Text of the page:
49. 49. 36 | A JOURNEY AGAINST DEFEAT: Narratives of Women’s Rejection of Poverty Judge Dewi at the Cibinong District Court deciding a case granting a child’s birth certificate, before the issuance of Supreme Court Circular 6/2013 on determination of status of children for birth certificates, which no longer requires a court decision. ARMINHARI she rejects efforts by families to urge the (adult) perpetrator of sexual violence to marry the child as an out- of-court settlement. Such a solution, she says, is only concerned with the interests of the adults, and ignores the suffering of the child. For girls with special needs, Judge Dewi places the obligation on the state to provide experts who understand the issues without prejudice, and avoid depriving the child of their fundamental human rights, because of their disability. With a legal system sensitive to the needs of boy and girl children and law enforcers who are also sensitive to gender issues, a degree of justice for girls like Mila can be achieved. But law enforcement does not exist in a vacuum. In a society that still prioritises boys, achieving a social system that is fair toward girls is an equally important struggle. Through this struggle, the fate of girls like Sonya, Salsa and Nabila can changed. If only Indonesia had more leaders like Judge Dewi, more sensitive toward gender injustice in development, children and women would be protected in court and society, they would be protected from unnecessary impoverishment.v ARMINHARI
  50. 50. PART ONE: Gender, Girls and Poor Families | 37 Growing-up Unequal2 In many of the poor families we visited, daughters are considered important, but sons are where the family pins its hope. Differential treatment of boys and girls is inherent in various elements of culture: fables, legends, folktales, social practices, inheritance traditions, and in the market and politics. Ibu Lilis, a Sundanese woman who works as a tea processing forewoman at the Goalpara plantation in Sukabumi, West Java, explained it symbolically: “Lalaki mah panjang lengkahna pikeun jaga nulung ka indung” (Males have longer steps to help their mothers). Girls, she feels, have ‘short steps’, tied down by their children, their families, their households, or their home villages. Yet neither of Ibu Lilis’s sons is actually able to help her; both are far away. Wahyu is working as a primary school teacher in Jambi, and her youngest child, Acep, drives a minibus in another city. Even now that she is retired and worn by age, only her eldest daughter, Enik is there to help. Before Lilis retired, Enik worked as a housewife, but she was very busy with two children to take care of. Enik also helps Lilis run her household, cooks for her father, gathers firewood, and takes care of her nephew, Wahyu’s son, who stays with Lilis. Every day Enik takes Wahyu’s son to and from kindergarten.
  51. 51. Women workers at the Goalpara tea plantation, Sukabumi, West Java picking and weighing the crop. They work in the plantation all day, going home as evening approaches. When the tea plants are producing buds and the tea processing runs into the night, Enik takes over all of Lilis’s household duties, with no help from her two brothers. Just as in well-off families, in poor families the perceptions about children are not always static. The idea of the superiority of boys is often normative, but this normative assumption can become reality when it is established in tradition, practiced through religious and other beliefs, and moves into ideals. Mak Itoh, an itinerant food vendor in Cukulur, Serang, Banten,20 explains: 38 | A JOURNEY AGAINST DEFEAT: Narratives of Women’s Rejection of Poverty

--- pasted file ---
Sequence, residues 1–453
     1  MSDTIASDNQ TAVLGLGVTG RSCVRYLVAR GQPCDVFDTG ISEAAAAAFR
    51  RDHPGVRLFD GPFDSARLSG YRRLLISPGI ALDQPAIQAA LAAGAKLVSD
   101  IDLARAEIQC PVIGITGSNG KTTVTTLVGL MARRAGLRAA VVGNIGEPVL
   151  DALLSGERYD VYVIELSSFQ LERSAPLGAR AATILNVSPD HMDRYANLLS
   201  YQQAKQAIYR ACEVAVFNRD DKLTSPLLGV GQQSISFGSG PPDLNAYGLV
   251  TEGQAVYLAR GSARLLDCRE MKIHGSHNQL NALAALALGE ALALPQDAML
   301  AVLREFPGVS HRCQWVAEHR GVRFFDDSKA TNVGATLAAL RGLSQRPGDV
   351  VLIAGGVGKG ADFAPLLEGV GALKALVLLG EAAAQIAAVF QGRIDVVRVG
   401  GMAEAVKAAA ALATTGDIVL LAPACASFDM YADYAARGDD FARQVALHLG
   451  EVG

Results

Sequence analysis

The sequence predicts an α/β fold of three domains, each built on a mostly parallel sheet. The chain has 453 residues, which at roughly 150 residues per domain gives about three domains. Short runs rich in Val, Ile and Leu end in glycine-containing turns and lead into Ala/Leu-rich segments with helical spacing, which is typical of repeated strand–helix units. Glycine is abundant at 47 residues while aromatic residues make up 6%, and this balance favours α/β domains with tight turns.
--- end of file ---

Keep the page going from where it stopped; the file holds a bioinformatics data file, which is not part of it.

52. 52. ARMINHARI “If the child is a boy, the gift to the traditional midwife is different, and the payment is also higher. The gift to the midwife is complete, with chicken or at least eggs, not just tofu, tempe (soybean cake), srundeng (fried grated coconut pulp) and steamed vegetables. If it’s a boy, the midwife says the massage has to be harder, and assisting the birth takes more energy.” Such higher ‘value’ for boys applies not just in traditional medical practices, but also in health care. In the negeri (village) of Waru, Teon Nila Serua sub-district, Central Maluku, for example, the fee for giving birth to a boy is 200,000 to 300,000 rupiah higher than for a girl. The midwife justifies this by saying that more medicine is needed to induce the birth of a boy, though she also admits there is no link between the difficulty 20 Since Multatuli published Max Havelaar in 1860, poverty has continued to haunt the people of Banten. Most of the population of 10.6 million (5.4 million males and 5.9 million females) live below the poverty line. Central Agency of Statistics (Badan Pusat Statistik - BPS) data indicate that the poor population of Banten in March 2013 was 656,243 – an increase of 7,989 from the previous quarter. One obvious clearest poverty indicator is the high Maternal Mortality Rate – the highest on the island of Java. Becoming a migrant worker is the likeliest work option for women from Banten, due to their low educational level. The shift in land use from agriculture to industry has eliminated job opportunities for uneducated farmers and farm workers. Factories also employ many women, at the lowest wages. In gender terms, this situation has caused a deterioration of the socioeconomic conditions of women, in a province led by a female governor, Ratu Atut Chosiah – who, at the time this book was written, was under investigation by the Corruption Eradication Commission (Komisi Pemberantasan Korupsi - KPK) for cases of suspected corruption and abuse of authority. 21 From a focus group discussion with women organised by Yayasan Pasuri - a local based NGO member of Baileo Maluku Network - in Waru Village, TNS Subdistrict, Central Maluku, 9 July 2013. PART ONE: Gender, Girls and Poor Families | 39 of the delivery and the sex of the baby.21 The most logical reason for this favouring of boys, is that they are expected to later become the protectors of their families, or to provide a livelihood and keep the family from falling further into poverty. Changing labour patterns and less certainty of male employment has not automatically altered this prioritisation of sons. The rituals and traditions ensuring the superiority of sons are maintained. In Sundanese and Javanese Muslim traditions, sons receive special treatment starting with the kekahan or thanksgiving ceremony for their birth - two goats are slaughtered for a boy, just one for a girl. A boy undergoes a gusaran ritual before being circumcised. The stages in this ritual, such as ibak (bathing), dangdos (dressing), diparas Mak Itoh in her kitchen. ARMINHARI